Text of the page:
But the fun part is when you get to try different hairstyles every day (if you don’t mind people asking you if you’ve cut your hair or feel puzzled why your short hair grew out so quickly.)

I brought two different wigs to my Taiwan trip and changed them according to my mood:

short wig

long wig

The lashes and falsies don’t take as long to grow out – they came out completely after around 2-3 months if I didn’t remember it wrongly. (FYI: now that your lashes all grew out together, they have the same growth cycle, which means they will also fall at the same time later on too. So it’ll take quite a while before they grow and fall at different rates.)

The hair growth will continue, but I was told that your hair texture may differ. I’ve seen other chemo patients who have curly hair after their hair grew out again. My hair grew out very, very soft at first (like teddy bear fur) but after a year or so, went back to being wavy (I had naturally wavy hair before chemo), so perhaps this was why I didn’t see a lot of difference.

I enjoyed my pixie styles and styling them in cool ways at first. Here’s one of my first attempts at styling:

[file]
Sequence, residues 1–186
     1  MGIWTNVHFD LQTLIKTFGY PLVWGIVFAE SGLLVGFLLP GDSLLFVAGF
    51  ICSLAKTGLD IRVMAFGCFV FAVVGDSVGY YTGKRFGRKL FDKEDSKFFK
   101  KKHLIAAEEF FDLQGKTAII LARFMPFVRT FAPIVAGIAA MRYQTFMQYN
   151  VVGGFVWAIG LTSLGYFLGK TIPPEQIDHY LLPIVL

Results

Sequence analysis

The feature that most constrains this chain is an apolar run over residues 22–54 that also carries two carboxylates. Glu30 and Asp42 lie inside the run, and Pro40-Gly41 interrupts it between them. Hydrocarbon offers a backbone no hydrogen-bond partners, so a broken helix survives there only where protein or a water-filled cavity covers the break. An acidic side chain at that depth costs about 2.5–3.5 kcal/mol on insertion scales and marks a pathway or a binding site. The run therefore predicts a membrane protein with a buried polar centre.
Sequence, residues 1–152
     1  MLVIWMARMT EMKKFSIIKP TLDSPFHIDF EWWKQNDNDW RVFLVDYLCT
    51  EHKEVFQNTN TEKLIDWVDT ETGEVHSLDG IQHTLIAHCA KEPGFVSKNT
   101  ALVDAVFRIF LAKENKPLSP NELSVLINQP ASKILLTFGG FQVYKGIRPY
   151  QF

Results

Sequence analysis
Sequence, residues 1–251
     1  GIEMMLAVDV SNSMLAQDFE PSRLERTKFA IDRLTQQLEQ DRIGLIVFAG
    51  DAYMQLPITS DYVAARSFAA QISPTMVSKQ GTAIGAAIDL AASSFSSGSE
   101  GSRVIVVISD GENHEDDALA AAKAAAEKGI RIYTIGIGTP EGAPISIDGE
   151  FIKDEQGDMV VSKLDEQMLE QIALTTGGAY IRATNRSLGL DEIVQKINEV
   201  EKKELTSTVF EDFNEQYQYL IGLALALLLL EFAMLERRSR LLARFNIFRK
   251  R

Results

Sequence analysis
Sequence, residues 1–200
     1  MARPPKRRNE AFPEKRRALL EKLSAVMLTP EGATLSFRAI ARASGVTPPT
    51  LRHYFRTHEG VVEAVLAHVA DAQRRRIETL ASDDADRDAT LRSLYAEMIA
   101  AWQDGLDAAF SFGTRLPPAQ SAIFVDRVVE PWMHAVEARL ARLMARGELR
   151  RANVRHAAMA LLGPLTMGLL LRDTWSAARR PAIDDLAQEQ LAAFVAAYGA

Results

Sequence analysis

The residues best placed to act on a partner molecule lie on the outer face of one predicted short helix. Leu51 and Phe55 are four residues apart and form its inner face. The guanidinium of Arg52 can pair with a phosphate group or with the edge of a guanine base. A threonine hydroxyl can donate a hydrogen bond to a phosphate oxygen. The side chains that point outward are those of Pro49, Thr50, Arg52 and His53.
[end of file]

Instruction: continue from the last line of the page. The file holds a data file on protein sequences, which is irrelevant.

styled hair after chemo

But it will eventually become a nightmare. This is because the hair at the back of my head grew out a lot faster than the sides. (Tip: Wearing a hair band helps.)

styled hair after chemo 2

I was trying to grow out my hair and was told by several hairstylists that I will have to keep trimming till they grow out at the same length before I can have any cool hairstyles. If you’re reading this and are trying to grow out your hair post-chemo, my advice is: be patient and keep trimming. The good thing for me was that, since I’ve almost always had long hair and never had anything shorter than a bob, it was the best time to try out something new. I would have never volunteered a pixie cut in the past! Thank goodness I think I look pretty ok with it.

One final thing I want to talk about is “awkwardness” related to your hair. For me, I don’t like to make first conversations around my medical history, so I obviously don’t talk about my hair. When I was wearing a wig, I had several people I met at events asking me about my hair, saying that it’s a good cut and asked where I got it done. (AWKWARD.) And then when I went public with my (new) short hair, I had a lot of other people (some of them remembered I had very long hair) asked what made me cut my hair soooo short. (VERY AWKWARD.) You know, the thing is that, if I tell them honestly: “Oh, I didn’t cut my hair, I lost my hair to chemo,” it will really make the person who asked look like a jerk, and he/she can only awkwardly reply “I’m sorry! I didn’t know!” and feel very embarrassed about it. I didn’t want him/her to be in such a situation, so I try my best to deflect the question most of the time. What usually work: “Why leh? Not nice huh?” and then change the topic, or laugh, and then say: “Eh! Tell me about your trip!/Where did you get your dress from!” depending on which one fits the situation better.